Singapore-Eurasians were some of Singapore’s earliest settlers in the 1800s and were one of the first locals to hold high government positions after independence.

These included George Orlers, chairman of the Legislative Assembly, Tommy Campbell, the first Chief of Staff of the Singapore Armed Forces, and John Le Cain, a police member.

Since then, more and more people have made their mark in society and the economy, contributing in a variety of fields, from business and government to sports and the arts.

And the Eurasian Society, founded in 1919, continues to support communities and their underprivileged people in collaboration with other communities and ethnic self-help groups, S. Transport Minister Iswaran said.

Mr. Iswaran, who is also the minister representing the Eurasians in the Cabinet, spoke at the time of the release of the book commemorating the 100th anniversary of the Eurasian Association (EA).

The book, entitled “Standing the Test Of Time,” records the story of the association, which celebrated its 100th anniversary three years ago. Written by former Straits Times journalists Melody Zaccheus and Janice Tai, this book was published by The Straits Times Press.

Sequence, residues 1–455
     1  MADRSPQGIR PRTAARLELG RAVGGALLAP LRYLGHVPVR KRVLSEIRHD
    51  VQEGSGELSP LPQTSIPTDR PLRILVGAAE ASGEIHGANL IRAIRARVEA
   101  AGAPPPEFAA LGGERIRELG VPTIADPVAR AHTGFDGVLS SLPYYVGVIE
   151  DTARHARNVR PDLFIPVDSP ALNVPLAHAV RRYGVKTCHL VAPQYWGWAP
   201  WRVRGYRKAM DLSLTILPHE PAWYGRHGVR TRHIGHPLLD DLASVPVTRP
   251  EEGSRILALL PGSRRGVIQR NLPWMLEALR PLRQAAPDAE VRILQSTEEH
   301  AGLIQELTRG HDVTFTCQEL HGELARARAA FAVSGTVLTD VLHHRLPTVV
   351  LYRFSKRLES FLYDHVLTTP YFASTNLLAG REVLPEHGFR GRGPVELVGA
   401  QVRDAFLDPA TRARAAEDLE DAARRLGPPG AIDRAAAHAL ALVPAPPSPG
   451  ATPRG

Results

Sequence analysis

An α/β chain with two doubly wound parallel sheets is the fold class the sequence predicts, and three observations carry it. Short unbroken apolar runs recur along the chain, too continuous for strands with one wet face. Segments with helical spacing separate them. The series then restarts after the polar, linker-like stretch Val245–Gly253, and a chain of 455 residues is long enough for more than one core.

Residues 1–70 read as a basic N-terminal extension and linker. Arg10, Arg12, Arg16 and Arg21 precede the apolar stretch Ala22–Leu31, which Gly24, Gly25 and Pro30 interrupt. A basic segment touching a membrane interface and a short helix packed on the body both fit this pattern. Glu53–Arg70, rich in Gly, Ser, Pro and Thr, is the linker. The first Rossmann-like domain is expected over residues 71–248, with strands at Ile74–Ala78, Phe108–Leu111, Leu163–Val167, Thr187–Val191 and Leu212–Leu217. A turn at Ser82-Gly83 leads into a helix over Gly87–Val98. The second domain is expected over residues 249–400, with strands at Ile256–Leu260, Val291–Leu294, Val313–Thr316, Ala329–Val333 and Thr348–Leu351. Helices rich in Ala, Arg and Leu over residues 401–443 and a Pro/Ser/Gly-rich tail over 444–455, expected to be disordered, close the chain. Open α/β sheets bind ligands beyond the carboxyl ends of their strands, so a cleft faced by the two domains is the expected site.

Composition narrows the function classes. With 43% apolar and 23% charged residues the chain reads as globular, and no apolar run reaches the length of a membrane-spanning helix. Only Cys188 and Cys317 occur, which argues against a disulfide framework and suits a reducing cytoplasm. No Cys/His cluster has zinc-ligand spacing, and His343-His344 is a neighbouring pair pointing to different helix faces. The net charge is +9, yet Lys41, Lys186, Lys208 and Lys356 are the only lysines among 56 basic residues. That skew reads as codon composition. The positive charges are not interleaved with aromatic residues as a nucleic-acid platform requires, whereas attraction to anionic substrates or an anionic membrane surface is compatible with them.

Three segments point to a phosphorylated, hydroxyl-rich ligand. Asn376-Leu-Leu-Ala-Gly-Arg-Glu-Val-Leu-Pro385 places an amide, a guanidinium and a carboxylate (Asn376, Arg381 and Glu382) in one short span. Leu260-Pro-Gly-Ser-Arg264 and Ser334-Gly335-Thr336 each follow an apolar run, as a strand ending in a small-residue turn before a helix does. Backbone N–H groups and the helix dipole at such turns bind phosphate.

EA has 6,700 members as of April this year. According to Singapore’s 2020 census, about 18,000 Eurasians live here.

Eurasians in Singapore have a mixture of European and Asian pedigrees. Most of them can trace the European part of their ancestry to Portuguese, Dutch, or British, and the Asian constituents are usually Chinese, Malay, or Indian.

Iswaran also wrote a message in the book, stating that the story of the Eurasian community in Singapore is the story of Singapore.

He writes: “Our Eurasian community is typically Singaporeans, embodying the diverse heritage essential to the vibrant tapestries of our society. A small number of Eurasians live in Singapore. It leaves an indelible mark on many sides of the. “

Due to the mixed race of Europe and Asia, the Eurasians once occupy a privileged position in the racial politics of colonial Singapore. Some were allowed to do high-paying government jobs by the British.

However, this privilege soon disappeared, and with Singapore’s independence in 1965, many Eurasians faced the choice of staying in a new country with uncertain outlook or leveraging the wealth they had accumulated. ..

This excerpt from Standing The Test Of Time details that period of community history.

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